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Xavier Gutiérrez, lead author of the study and general manager of NIVA Chile. Photo: Salmonexpert.
Xavier Gutiérrez, lead author of the study and general manager of NIVA Chile. Photo: Salmonexpert.

A study in Norway has recommended that a much higher ratio of chloride to nitrite is necessary to prevent the accumulation of nitrite in plasma and growth losses of Atlantic salmon in recirculating aquaculture systems (RAS).

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Various factors can alter the efficiency of RAS biofilters, generating an accumulation of nitrite in the recirculated water.

High concentrations of nitrite (NO₂¯) can seriously compromise the health and survival of fish, especially when the concentrations of chloride (Cl¯) in the water are low (<50-100 mg / L).

A high level of NO₂¯ is one of the most frequent non-infectious water quality problems in RAS fish farms in Chile. In addition, salmonids are among the most sensitive fish to NO₂¯.

The problem with nitrite

Nitrite has an affinity for the mechanism of absorption of chloride in the gill; that is to say, NO₂¯ can replace Cl¯ in gill transporters of chloride / bicarbonate (Cl¯ / HCO₃¯). Therefore, provided that NO₂¯ is present in the water, a part of the absorption of Cl¯ will shift towards the absorption of NO₂¯, which can also lead to the accumulation of NO₂¯ in plasma and have a negative effect on productive performance and animal welfare.

Productive performance

With this background, researchers from NIVA Chile, Norwegian research institute Nofima and fish farmer Cermaq, decided to investigate how the productive performance (growth and feed conversion), health (focusing on the integrity of the gills) and physiological markers (blood and molecular) of Atlantic salmon are affected by chronic exposure to different concentrations of NO₂¯ when a relatively high level of chloride (Cl¯) is maintained in the water.

The study was conducted with 810 Atlantic salmon parr divided into 15 ponds, where they were exposed to five different nominal concentrations of NO₂¯ (0, 0.5, 2.5 and 10 NO₂¯ -N, mg / L) and with a constant nominal concentration of Cl¯ (200 mg / L), for 12 weeks.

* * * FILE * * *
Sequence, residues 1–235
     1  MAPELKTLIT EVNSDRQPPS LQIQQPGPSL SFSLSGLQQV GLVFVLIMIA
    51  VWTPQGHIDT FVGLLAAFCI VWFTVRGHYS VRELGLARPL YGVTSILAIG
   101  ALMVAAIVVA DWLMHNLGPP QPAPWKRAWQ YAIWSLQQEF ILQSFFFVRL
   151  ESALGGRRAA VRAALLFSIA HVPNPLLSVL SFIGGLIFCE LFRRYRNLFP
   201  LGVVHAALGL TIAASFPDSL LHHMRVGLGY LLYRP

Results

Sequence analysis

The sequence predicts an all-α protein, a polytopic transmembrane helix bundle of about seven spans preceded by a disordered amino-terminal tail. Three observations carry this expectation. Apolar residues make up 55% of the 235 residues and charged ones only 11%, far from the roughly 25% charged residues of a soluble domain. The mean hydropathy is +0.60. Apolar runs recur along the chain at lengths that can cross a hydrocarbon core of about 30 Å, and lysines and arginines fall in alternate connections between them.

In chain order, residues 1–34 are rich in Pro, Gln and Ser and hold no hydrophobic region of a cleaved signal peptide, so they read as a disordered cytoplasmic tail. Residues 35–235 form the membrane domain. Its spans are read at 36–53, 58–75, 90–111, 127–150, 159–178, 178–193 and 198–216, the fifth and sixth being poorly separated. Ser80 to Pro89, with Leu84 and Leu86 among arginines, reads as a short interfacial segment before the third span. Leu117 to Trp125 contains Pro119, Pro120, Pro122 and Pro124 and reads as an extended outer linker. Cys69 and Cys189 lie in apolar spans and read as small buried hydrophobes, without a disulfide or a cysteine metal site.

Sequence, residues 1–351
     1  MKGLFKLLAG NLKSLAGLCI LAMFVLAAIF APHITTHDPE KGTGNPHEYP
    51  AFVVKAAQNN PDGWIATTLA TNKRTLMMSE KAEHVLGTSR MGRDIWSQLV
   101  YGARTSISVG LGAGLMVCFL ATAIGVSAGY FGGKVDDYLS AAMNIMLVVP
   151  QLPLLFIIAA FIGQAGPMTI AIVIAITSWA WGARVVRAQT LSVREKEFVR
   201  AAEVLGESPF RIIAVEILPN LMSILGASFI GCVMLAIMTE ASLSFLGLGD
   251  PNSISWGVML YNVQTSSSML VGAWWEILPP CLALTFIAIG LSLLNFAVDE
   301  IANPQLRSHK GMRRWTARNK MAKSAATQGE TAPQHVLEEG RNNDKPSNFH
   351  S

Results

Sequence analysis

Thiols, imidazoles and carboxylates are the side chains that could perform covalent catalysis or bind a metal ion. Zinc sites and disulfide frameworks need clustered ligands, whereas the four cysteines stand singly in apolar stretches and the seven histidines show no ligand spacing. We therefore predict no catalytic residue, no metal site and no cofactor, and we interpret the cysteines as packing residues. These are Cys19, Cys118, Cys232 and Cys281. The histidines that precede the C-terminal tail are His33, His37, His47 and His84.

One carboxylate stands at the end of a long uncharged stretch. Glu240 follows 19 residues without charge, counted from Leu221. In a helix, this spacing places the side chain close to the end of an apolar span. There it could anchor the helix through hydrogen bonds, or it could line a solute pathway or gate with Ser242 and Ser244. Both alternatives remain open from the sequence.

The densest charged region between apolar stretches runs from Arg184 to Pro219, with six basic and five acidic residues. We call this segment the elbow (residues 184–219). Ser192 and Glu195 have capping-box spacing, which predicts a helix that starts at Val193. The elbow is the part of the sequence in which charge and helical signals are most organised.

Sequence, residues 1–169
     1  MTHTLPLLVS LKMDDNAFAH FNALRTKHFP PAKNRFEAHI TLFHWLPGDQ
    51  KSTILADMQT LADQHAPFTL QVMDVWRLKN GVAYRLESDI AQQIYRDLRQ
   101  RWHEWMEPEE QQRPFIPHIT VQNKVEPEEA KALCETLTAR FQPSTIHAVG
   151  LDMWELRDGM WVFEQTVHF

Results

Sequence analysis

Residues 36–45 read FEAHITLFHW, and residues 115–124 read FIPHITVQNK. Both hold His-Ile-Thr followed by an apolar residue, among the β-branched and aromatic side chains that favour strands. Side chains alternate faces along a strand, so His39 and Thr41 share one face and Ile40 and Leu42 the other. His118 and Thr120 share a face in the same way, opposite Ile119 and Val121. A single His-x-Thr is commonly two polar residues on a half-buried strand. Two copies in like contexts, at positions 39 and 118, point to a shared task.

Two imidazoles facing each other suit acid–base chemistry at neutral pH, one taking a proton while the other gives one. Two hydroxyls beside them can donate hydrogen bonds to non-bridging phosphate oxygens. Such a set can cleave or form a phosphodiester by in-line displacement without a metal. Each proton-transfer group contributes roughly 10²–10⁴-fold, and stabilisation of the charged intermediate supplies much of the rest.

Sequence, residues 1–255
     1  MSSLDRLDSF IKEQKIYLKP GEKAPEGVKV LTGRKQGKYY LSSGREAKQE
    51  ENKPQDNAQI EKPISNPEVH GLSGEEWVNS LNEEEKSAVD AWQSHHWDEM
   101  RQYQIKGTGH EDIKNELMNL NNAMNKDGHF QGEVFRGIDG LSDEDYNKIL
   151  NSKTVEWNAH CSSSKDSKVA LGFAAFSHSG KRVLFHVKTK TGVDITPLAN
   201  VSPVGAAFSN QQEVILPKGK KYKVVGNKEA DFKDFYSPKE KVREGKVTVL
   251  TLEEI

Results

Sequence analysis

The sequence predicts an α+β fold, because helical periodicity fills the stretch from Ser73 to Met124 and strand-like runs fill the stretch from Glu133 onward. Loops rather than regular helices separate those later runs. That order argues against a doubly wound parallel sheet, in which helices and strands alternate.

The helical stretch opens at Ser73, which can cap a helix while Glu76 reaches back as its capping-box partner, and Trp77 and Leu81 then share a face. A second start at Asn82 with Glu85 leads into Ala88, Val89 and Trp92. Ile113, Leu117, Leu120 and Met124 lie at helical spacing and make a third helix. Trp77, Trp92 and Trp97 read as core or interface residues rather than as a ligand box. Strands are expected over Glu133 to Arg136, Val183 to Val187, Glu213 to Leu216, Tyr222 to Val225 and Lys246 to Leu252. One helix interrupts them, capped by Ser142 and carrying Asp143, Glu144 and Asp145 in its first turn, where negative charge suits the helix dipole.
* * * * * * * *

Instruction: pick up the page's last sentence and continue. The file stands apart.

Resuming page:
Growth rate reduced

The study’s results showed that the specific growth rate (SGR) was significantly reduced compared to the control, during the first three weeks, in fish exposed to the highest concentration of nitrite (10 mg NO₂¯ -N / L) and a Cl¯: NO₂¯ -N ratio of 21:1. “The results suggest the activation of compensation and adaptation mechanisms in the last stages of the experiment,” wrote the study’s authors.

As explained by the main author, Xavier Gutiérrez, who is general manager of NIVA Chile, “in the study no significant effects of NO₂¯ were found on the gill tissue, associated mortality, food intake and conversion (FCR) and physiological markers (Cl¯, glucose and pH). However, it was found that nitrite entered the plasma of fish exposed to the two highest nominal concentrations of nitrite, 5 and 10 mg / L, and Cl¯ : NO₂¯ -N ratios of 43:1 and 21:1, respectively”.

Industry standard ‘not enough’

The authors concluded that “the ratio of Cl¯ : NO₂¯ -N previously recommended for fish culture in RAS of 20:1 (Timmons & Ebeling; 2007), which today uses the industry as a standard, is not enough to protect Atlantic salmon during the early stages of nitrite exposure. Consequently, it is recommended to maintain a ratio of Cl¯ : NO₂¯ -N above 104:1 to avoid the accumulation of nitrite in the plasma of the Atlantic salmon in parr stage and growth losses”.

Read the abstract of the study entitled “Effects of chronic sub-lethal nitrite exposure at high water chloride concentration on Atlantic salmon (Salmo salar, Linnaeus 1758)” here.

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